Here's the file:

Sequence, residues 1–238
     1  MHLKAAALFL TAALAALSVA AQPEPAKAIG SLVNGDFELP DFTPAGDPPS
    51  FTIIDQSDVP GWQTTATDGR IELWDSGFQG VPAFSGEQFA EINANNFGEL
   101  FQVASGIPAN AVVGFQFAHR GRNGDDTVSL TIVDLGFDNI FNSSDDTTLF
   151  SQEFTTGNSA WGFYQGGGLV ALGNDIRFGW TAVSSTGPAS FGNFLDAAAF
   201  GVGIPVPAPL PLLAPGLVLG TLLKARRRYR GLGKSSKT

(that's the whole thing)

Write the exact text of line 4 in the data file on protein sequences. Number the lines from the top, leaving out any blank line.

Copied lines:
   101  FQVASGIPAN AVVGFQFAHR GRNGDDTVSL TIVDLGFDNI FNSSDDTTLF